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Global data centre needs for global teams and customers

George Slessman, CEO at IO | June 24, 2015
Why Singapore is Asia Pacific’s strategic hub.

"The primary reason the small island nation has such an active data centre market is that it has become an Internet gateway between China and the rest of the world," explains Jabez Tan, senior analyst at Structure Research. Not only that, Chinese companies are increasingly using Singapore to serve customers in the rest of the world.

The Singapore government's commitment towards molding the country into a leading data centre hub bodes well for companies intending to expand into Singapore. Through the Green Data Centre Technology Roadmap, a framework to improve data centre sustainability and energy efficiency, companies can be assured that the government is conscious of rising energy costs, which are directly related to their total cost of ownership.In addition, the development of a data centre park, as part of the government's plan to grow Singapore into a dynamic global infocomms hub, ensures that data centre operators remain competitive and innovative.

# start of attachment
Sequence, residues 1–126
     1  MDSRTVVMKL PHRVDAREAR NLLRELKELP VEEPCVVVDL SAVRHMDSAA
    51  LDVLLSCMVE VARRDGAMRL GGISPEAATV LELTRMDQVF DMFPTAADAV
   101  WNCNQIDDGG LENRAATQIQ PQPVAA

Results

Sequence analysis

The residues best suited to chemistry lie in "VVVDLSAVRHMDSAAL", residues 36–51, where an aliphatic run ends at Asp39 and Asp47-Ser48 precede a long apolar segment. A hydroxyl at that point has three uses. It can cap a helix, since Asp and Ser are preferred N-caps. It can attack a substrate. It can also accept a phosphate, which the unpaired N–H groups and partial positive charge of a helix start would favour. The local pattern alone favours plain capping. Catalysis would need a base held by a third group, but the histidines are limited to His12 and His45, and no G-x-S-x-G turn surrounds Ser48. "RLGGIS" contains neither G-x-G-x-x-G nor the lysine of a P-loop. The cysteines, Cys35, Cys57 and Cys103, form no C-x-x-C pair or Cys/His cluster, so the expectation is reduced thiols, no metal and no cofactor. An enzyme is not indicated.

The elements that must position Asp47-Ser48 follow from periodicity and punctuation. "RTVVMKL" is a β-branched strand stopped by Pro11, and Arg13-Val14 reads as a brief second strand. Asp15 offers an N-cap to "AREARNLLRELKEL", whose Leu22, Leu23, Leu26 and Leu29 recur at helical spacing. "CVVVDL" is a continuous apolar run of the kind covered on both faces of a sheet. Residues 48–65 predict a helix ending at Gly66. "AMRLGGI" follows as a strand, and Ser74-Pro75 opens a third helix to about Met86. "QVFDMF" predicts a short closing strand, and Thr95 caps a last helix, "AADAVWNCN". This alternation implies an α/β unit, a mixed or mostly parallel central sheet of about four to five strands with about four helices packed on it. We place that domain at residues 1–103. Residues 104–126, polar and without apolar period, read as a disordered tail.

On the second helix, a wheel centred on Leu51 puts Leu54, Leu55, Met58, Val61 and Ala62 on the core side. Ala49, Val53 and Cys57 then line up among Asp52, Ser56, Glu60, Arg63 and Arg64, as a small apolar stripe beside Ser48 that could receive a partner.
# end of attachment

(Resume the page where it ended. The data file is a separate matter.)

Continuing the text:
What next?

Playing devil's advocate -- does going global mean a layer of added management complexity? That's where data centre infrastructure management (DCIM) comes in. Leading companies with global data centre footprints rely on DCIM software for a consolidated view of and ability to manage activity in all of their data centres.

So, in the end, does it matter?

Geographical proximity is no longer a 'good to have,' and companies know it. Campos Research found that 97% of companies are seeking to locate their new data centres less than 50 kilometers from their headquarters or major operations centre[4].

Data sovereignty and latency make it important for companies to have a data centre footprint in the regions they're expanding to, including Singapore for Asia Pacific  and DCIM provides a consolidated view of a distributed data centre footprint and a solution to manage the complexity.

[1] IDC

[2] 451 Research

[3] In 2013, China was the world's second largest economy. India was the tenth and South Korea was the fifteenth. All three countries received data centre market maturity ratings of "emerging" by 451 Research. See Multi-tenant Data Centre Global Providers - 2014.

[4] Campos Research

 

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